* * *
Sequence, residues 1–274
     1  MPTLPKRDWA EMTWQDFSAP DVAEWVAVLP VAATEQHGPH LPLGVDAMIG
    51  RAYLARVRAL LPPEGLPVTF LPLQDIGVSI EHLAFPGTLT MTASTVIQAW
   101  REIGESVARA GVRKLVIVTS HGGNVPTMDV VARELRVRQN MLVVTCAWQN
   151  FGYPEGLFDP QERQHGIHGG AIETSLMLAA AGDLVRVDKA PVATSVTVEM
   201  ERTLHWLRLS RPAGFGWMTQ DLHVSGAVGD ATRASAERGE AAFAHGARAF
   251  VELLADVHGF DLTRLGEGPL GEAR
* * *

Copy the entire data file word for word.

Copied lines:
Sequence, residues 1–274
     1  MPTLPKRDWA EMTWQDFSAP DVAEWVAVLP VAATEQHGPH LPLGVDAMIG
    51  RAYLARVRAL LPPEGLPVTF LPLQDIGVSI EHLAFPGTLT MTASTVIQAW
   101  REIGESVARA GVRKLVIVTS HGGNVPTMDV VARELRVRQN MLVVTCAWQN
   151  FGYPEGLFDP QERQHGIHGG AIETSLMLAA AGDLVRVDKA PVATSVTVEM
   201  ERTLHWLRLS RPAGFGWMTQ DLHVSGAVGD ATRASAERGE AAFAHGARAF
   251  VELLADVHGF DLTRLGEGPL GEAR